Recovering from the 2004 Indian Ocean Tsunami: Lessons for Climate Change Response

  • Ahana Lakshmi
  • Purvaja R.
  • Ramesh R.Email author
Part of the Environmental Hazards book series (ENHA)


The impact, relief and recovery processes after the devastation caused by the 2004 Indian Ocean tsunami offer a number of lessons for building the resilience of the coast and coastal communities to overcome challenges associated with climate change. This chapter focuses on the response and recovery undertaken in the coastal state of Tamil Nadu, the worst affected state on the Indian mainland. These lessons are useful for facing climate change-related challenges, especially since India’s long coastline is subject to a variety of hazards such as cyclones and storm surges apart from sea-level rise which, on an annual basis, cause extensive damage to coastal areas, and which are expected to increase in intensity in the future. Thus the reduction of vulnerability has to be done in a planned and phased manner. Mainstreaming disaster risk reduction into development activities requires conducting a needs assessment to inform capacity building and livelihood enhancement initiatives and improving the horizontal and vertical coordination of activities that are likely to enable adaptation to various impacts due to climate change along the coast. Integrated coastal management offers opportunities to achieve these objectives.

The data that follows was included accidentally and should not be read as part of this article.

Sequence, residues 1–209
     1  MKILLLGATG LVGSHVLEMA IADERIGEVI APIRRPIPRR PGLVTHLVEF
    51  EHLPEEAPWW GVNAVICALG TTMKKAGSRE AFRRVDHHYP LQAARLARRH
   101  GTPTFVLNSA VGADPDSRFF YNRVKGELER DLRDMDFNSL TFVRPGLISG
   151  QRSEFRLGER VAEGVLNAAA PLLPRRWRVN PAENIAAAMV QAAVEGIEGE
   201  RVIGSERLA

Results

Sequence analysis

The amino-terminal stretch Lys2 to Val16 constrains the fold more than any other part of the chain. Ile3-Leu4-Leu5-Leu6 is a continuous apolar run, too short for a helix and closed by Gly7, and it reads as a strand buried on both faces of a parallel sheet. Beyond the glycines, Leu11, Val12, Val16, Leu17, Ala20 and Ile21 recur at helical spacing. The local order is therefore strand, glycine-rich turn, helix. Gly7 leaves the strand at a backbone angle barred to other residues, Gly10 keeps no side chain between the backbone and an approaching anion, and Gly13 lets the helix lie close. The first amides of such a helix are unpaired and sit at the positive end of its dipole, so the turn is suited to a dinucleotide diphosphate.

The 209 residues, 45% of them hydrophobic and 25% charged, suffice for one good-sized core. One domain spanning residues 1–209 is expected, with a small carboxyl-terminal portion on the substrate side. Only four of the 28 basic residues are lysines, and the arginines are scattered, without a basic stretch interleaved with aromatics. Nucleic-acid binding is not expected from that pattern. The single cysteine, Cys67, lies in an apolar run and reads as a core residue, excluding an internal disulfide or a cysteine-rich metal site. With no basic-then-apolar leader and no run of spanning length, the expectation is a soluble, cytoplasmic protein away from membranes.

Tsunami Tamil Nadu Vulnerability Resilience Risk reduction 



The authors thank V. Vivekanandan, Annie George and Satish Babu for many useful discussions.


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Copyright information

© Springer Science+Business Media Dordrecht 2014

Authors and Affiliations

  1. 1.National Centre for Sustainable Coastal ManagementAnna University CampusChennaiIndia

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